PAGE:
Tuesday, July 23, 2024

Supreme Court Imposed Fine Of 5 Lakhs On Brothers For Filing The Case Instead Of Giving The Inheritance To Sister

The Supreme Court (SC) has ruled in favour of sisters who were deprived of rightful inheritance in their father’s property for over 38 years.

The supreme court decided after hearing a petition that their brother had filed challenging a high court order. Judge Qazi Faez Isa stated in a three-page judgement that it was deplorable that the brother disregarded Islamic law and denied the rightful heirs of their allotted portions.

He said that just two of the six sisters who brought a lawsuit to stop the fraud survived and that it was regrettable that the appellant had been able to deceive and hold onto the property for such a protracted length of time.

In its ruling, a division of the Supreme Court composed of Justices Qazi Faez Isa and Yahya Afridi stated that the court had looked at the mutation even though the appellant’s acceptance of the gift had yet to be acknowledged.

The bench noted that additional evidence showed that the present had been transferred from Ghulam Haider, the siblings’ father, to his son on May 3, 1983, the same day he passed away.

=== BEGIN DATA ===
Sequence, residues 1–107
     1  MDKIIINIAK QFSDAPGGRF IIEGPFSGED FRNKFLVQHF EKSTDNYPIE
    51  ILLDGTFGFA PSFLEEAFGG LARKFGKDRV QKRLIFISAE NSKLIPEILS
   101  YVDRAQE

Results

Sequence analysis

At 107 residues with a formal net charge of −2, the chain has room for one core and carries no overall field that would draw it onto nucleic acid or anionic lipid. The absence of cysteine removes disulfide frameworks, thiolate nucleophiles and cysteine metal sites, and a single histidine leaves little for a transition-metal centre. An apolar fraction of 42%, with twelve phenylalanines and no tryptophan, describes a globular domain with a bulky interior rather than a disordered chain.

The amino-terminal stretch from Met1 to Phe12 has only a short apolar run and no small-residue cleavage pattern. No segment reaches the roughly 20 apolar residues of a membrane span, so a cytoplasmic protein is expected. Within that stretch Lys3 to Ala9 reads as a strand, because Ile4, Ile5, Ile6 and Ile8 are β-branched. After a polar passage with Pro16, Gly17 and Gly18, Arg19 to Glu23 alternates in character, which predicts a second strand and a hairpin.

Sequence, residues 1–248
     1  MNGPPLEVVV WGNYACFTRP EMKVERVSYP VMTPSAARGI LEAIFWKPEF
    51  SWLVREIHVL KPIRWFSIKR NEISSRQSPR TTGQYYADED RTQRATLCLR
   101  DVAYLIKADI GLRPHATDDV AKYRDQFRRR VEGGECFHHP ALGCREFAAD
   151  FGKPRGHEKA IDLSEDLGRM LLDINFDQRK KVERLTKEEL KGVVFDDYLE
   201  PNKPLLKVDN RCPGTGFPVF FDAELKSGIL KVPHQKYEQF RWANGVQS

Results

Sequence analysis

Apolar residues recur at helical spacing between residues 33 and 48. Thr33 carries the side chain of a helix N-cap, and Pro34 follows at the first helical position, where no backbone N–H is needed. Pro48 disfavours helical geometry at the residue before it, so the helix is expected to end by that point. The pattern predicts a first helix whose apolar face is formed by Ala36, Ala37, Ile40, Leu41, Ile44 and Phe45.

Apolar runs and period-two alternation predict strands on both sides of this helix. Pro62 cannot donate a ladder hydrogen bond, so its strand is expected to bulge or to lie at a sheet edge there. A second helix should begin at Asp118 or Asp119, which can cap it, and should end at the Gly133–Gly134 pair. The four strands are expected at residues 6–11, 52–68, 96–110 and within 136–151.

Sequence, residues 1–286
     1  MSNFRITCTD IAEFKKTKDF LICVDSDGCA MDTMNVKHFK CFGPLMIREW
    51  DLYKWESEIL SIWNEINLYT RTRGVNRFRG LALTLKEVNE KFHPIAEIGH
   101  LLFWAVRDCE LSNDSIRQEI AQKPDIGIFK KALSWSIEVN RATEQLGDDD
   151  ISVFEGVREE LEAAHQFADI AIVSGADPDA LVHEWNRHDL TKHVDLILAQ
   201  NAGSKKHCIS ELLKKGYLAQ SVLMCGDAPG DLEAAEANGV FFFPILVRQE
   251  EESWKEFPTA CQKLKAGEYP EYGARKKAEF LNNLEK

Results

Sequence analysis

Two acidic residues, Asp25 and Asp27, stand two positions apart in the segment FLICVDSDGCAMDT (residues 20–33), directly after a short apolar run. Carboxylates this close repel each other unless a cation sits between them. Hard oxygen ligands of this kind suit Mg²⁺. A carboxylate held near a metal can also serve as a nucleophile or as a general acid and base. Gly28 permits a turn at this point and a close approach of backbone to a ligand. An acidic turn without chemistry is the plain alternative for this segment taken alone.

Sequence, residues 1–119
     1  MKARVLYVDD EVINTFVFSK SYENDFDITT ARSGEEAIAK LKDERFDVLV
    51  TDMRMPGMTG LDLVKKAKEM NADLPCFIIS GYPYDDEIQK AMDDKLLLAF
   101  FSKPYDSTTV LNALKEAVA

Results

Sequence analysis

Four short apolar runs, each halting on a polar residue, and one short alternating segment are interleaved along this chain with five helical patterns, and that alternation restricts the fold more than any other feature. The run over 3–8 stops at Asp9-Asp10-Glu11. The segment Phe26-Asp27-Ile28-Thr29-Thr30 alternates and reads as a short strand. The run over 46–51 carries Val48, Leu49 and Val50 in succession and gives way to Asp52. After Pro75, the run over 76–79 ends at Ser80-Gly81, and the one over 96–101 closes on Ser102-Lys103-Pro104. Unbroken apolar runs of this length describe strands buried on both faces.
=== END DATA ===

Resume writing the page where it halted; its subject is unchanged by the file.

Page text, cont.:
The appellant had the responsibility of proving the gift, which he failed to do, according to the bench, which added that the fact that it was created by his father the day before he passed away renders it highly improbable and unreliable.

Six of the appellant’s sisters brought a lawsuit challenging the gift mutation, which was decided, and the appeal against it was permitted because it was brought too late.

However, in the civil revision case brought by the sisters, the high court judge overturned the well-reasoned decision made by the appellate court judge.

“A Muslim’s legal heirs become the estate’s owners upon his or her death, and ownership of any one of the co-owners is assumed to be the property of all,” the order stated.

However, in the civil revision case brought by the sisters, the high court judge overturned the well-reasoned decision made by the appellate court judge.

“A Muslim’s legal heirs become the estate’s owners upon his or her death, and ownership of any one of the co-owners is assumed to be the property of all,” the order stated.

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